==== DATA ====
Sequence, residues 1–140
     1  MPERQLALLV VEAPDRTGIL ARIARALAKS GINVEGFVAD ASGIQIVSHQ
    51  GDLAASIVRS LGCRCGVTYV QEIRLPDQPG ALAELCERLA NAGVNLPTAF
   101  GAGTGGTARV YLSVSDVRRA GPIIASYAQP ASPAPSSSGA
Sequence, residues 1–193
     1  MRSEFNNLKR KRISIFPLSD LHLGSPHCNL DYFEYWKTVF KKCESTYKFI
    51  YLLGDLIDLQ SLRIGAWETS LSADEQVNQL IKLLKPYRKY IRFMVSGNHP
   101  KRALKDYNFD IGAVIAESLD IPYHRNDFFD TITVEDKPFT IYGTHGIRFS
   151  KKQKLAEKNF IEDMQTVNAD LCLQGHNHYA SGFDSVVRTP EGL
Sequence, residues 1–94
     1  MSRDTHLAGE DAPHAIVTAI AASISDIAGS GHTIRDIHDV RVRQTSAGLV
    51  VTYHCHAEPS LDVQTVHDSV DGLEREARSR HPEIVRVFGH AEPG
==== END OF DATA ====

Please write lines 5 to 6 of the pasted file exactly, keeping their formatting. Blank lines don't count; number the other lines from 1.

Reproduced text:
Sequence, residues 1–193
     1  MRSEFNNLKR KRISIFPLSD LHLGSPHCNL DYFEYWKTVF KKCESTYKFI